1. When you wake up in the morning. Let your spouse know from the moment you first wake up that they are important to you. Start with a kiss and words that let them know you’re blessed to wake up next to them. Then make the bed together; it’s a mutual reminder that you are both working together to make your home a pleasant place to be. Starting this ritual in the morning, in the bedroom, shows you care about each other and about your marriage. And kiss each other before you go your separate ways for the day.
  2. When you’re back together after a hard day’s work. Welcome your spouse with a warm, loving hug and a nice, 10-second kiss that tells them, “I’m glad to see you. . . I love you.” Thus type of reunion after being apart during the day will give you the energy to make the evening duties more enjoyable. When you help the kids with homework, put them to bed, help with house chores neither one of you will feel like all the responsibilities fall on your shoulders and you won’t be too tired for your spouse later on.
  3. When it’s your spouse’s birthday. Celebrate this annual event the way they enjoy most. Don’t let them wonder if you remember their special day; instead, begin early and make it fun all day. You can serve them breakfast in bed, take them out to lunch – just the two of you, or go out to dinner with the kids so they too will be part of the celebration. When your children watch how you celebrate as husband and wife, and as parents with you you’re teaching them lessons they will carry on into their own marriage.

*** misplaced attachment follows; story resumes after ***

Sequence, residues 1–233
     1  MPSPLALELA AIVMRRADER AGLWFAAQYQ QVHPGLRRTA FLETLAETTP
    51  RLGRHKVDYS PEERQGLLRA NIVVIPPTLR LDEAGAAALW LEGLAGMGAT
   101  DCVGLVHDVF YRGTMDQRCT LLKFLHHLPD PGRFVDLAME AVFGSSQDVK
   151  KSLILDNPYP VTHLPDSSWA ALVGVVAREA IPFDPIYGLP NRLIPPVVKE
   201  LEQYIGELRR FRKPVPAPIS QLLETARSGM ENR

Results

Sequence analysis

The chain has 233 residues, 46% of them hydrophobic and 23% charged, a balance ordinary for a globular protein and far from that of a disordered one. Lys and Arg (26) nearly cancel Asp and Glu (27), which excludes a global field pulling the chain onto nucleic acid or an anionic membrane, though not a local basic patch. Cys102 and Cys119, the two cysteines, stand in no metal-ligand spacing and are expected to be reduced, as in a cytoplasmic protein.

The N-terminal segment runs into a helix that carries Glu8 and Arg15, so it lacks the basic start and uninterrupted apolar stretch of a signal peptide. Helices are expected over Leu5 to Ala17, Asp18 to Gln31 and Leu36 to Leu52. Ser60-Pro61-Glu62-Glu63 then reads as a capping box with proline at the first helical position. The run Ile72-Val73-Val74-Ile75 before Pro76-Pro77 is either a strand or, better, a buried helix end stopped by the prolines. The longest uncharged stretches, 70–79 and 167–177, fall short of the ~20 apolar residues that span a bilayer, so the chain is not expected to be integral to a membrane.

Father God, help me to make my spouse feel special not just once a year, or occasionally, but every day. They are your gift to me; help me to express it to them, and to you.

[i] http://www.familyshare.com/7-important-times-to-give-full-attention-to-your-spouse

You keep beating your heads against brick walls. Everything within you protests against you. Isaiah 1:5 (MSG)


Jason Wachob and David Mazzapelle[i] suggest seven things a person can do to become more optimistic.  Yesterday we considered three of them.  The other four are:

  1. They surround themselves with upbeat people. It is true that birds of a feather flock together. If you surround yourself with people who are pessimists it can be draining. On the other hand, if you’re around optimists, it is very contagious and it can be positive. Olympic gymnast Mary Lou Retton said that, “Optimism is a happiness magnet.”
  2. They don’t listen to naysayers. Optimistic people don’t take the opinions of others too seriously when they don’t agree with them. What that means is that naysayers will tell you that you can’t achieve your goals.  As Mezzapelle says, “Don’t let it affect you. It’s their reality, not yours.”